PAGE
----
John 1:41

41 The first thing Andrew did was to find his brother Simon and tell him, “We have found the Messiah” (that is, the Christ).

Read John 1:41 Using Other Translations

He first findeth his own brother Simon, and saith unto him, We have found the Messias, which is, being interpreted, the Christ.
He first found his own brother Simon and said to him, "We have found the Messiah" (which means Christ).
Andrew went to find his brother, Simon, and told him, “We have found the Messiah” (which means “Christ” ).

What does John 1:41 mean?

John Gill's Exposition of the Bible
John 1:41

He first findeth his own brother Simon
Either before the other disciple, or before he found any other person: after he and the other disciple departed from Christ, being affected with the grace bestowed upon him, and his heart warm with the conversation he had had with him, and transported with joy at finding the Messiah, goes in all haste in search of his relations, friends, and acquaintance, to communicate what he had seen and heard, in order to bring them to the knowledge of the same; for such is the nature of grace, it is very communicative, and those that have it, are very desirous that all others should be partakers of it: and the first person he lighted on was Simon, who was afterwards called Peter, who was his own brother; not a brother-in-law, but his own brother, by father and mother's side, and so dear unto him by the ties of nature and blood:

and saith unto him;
with all eagerness imaginable, and in a rapture of joy:

we have found the Messias;
I, and a fellow disciple have had the Messiah, so often foretold by the prophets, and so long expected by our fathers, pointed out to us; and we have followed him, and have had conversation with him, and are well assured he is that illustrious person:

which is, being interpreted, the Christ;
which, as in ( John 1:38 ) , are the words of the evangelist, and not Andrew, and are therefore left out in the Syriac version; the word Messiah needing no interpretation in that language, and which was the language in which Andrew spoke. This name, Messiah, was well known among the Jews, for that who was promised, and they expected as a Saviour and Redeemer; though it is not very often mentioned in the books of the Old Testament, chiefly in the following places, ( Psalms 2:2 ) ( 18:50 ) ( Psalms 89:39 Psalms 89:51 ) ( Daniel 9:25 Daniel 9:26 ) ; but is very much used in the Chaldee paraphrases: Elias Levita F7 says, he found it in more than fifty verses; and Buxtorf F8 has added others to them, and the word appears in "seventy one" places, which he takes notice of, and are worthy of regard; for they show the sense of the ancient synagogue, concerning the passages of the Old Testament, respecting the Messiah: this Hebrew word is interpreted by the Greek word, "Christ"; and both signify "anointed", and well agree with the person to whom they belong, to which there is an allusion in ( Song of Solomon 1:3 ) , "thy name is as ointment poured forth": he is so called, because he was anointed from everlasting, to be prophet, priest, and king; see ( Psalms 2:6 ) ( 89:20 ) ( Proverbs 8:22 Proverbs 8:23 ) , and he was anointed as man, with the oil of gladness, with the graces of the Spirit, without measure, ( Psalms 45:7 ) ( Acts 10:38 ) . And it is from him the saints receive the anointing, or grace in measure; and are from him called Christians, and are really anointed ones; see ( 1 John 2:27 ) ( Acts 11:24 ) ( 2 Corinthians 1:21 ) , hence it is a name precious to the saints, and savoury to them. These words were delivered by Andrew, in a very exulting strain, expressing great joy; as indeed what can be greater joy to a sensible soul, than to find Christ? which in a spiritual sense, is to have a clear sight of him by faith, to go unto him, and lay hold on him, as the only Saviour and Redeemer: who is to be found in the Scriptures of truth, which testify of him; in the promises of grace, which are full of him and in the Gospel, of which he is the sum and substance; and in the ordinances of it, where he shows himself; for he is not to be found by the light of nature, or by carnal reason, nor by the law of Moses, but by means of the Gospel, and the Spirit of God attending that, as a spirit of wisdom and revelation, in the knowledge of him: and happy are those souls that find Christ under his direction; for they find life, spiritual and eternal, in him; a justifying righteousness; free and full pardon of their sins; spiritual food for their souls; and peace, comfort, joy, and rest, and eternal glory: wherefore this must needs be matter of joy unto them, since such a finding is a rich one, a pearl of great price, riches durable and unsearchable; and which a man that has found, would not part with for all the world; but parts with all he has for it; and is what can never be lost again; and, particularly to two sorts of persons, finding Christ must give a peculiar pleasure, and an inexpressible joy; to such as are under a sense of sin and damnation, and to such who have been under desertion. The phrase of "finding" a person, twice used in this text, and hereafter in some following verses, is frequent in Talmudic and Rabbinic writings; as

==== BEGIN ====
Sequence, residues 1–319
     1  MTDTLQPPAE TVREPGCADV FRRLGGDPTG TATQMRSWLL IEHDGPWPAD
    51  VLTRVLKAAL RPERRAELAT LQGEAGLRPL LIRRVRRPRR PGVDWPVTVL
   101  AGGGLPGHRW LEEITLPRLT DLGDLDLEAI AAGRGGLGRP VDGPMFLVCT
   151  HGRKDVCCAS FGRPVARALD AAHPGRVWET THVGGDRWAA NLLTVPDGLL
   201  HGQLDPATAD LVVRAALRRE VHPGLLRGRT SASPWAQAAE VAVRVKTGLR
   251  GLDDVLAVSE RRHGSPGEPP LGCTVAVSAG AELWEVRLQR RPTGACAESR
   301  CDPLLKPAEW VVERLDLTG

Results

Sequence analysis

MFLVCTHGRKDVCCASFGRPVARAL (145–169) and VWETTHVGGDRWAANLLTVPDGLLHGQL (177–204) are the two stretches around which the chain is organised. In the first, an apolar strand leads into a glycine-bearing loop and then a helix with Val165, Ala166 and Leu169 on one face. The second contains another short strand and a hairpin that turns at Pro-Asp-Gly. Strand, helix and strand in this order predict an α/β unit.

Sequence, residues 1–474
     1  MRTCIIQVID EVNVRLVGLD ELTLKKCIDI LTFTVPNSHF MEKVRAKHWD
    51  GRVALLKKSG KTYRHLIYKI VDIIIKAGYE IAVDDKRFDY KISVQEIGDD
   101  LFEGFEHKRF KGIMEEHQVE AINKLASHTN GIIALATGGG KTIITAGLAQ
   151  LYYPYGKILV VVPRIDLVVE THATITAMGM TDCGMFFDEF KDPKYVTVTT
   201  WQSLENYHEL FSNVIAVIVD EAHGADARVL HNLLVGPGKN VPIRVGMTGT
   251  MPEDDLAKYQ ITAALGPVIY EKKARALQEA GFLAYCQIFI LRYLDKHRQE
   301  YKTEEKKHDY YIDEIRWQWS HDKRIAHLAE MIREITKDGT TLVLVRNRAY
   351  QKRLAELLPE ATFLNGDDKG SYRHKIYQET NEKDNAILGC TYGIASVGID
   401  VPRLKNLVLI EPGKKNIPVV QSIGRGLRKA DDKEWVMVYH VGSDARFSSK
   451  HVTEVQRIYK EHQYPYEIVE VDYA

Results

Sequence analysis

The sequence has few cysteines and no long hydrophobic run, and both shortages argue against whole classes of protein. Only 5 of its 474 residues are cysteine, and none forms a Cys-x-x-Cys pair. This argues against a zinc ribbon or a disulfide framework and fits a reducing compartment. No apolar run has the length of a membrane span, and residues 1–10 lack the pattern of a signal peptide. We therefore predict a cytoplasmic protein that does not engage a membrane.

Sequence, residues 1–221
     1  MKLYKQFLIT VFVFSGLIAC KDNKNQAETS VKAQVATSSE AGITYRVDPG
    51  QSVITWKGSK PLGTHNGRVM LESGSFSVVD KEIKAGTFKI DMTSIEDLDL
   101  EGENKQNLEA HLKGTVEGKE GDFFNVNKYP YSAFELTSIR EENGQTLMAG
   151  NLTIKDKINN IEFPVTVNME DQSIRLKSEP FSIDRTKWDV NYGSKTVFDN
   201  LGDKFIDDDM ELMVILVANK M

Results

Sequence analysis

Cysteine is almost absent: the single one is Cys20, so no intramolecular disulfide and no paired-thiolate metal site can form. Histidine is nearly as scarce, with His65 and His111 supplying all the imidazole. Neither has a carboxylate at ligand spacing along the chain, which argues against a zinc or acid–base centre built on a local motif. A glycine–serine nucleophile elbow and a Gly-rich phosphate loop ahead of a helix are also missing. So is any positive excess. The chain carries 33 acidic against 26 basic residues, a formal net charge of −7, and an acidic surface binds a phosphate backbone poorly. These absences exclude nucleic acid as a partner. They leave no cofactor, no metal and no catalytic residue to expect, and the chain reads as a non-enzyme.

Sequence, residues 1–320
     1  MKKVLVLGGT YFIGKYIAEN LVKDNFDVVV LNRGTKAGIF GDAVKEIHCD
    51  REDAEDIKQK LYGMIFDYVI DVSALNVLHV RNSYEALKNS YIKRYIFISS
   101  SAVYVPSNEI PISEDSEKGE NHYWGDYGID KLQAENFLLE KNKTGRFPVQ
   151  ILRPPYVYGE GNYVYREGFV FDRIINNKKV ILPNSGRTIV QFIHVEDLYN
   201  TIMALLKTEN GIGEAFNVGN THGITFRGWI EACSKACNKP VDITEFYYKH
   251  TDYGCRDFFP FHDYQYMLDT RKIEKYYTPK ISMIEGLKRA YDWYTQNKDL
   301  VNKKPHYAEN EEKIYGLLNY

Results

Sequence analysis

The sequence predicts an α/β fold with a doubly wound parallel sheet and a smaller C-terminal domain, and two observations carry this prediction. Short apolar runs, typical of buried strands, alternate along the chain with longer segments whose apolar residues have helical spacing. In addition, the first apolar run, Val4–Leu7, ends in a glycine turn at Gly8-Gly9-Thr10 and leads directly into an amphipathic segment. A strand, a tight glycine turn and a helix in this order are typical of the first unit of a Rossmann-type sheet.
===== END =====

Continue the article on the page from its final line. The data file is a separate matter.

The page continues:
``he went, (brl hyxkva) , "and found him with Rab" F9.''


FOOTNOTES:

F7 Prefat ad Methurgemen, & in voce (xvm) .
F8 Lexicon Talmud p. 1268.
F9 T. Bab. Sabbat, fol. 108. 1. Zohar in Lev. fol. 15. 3.
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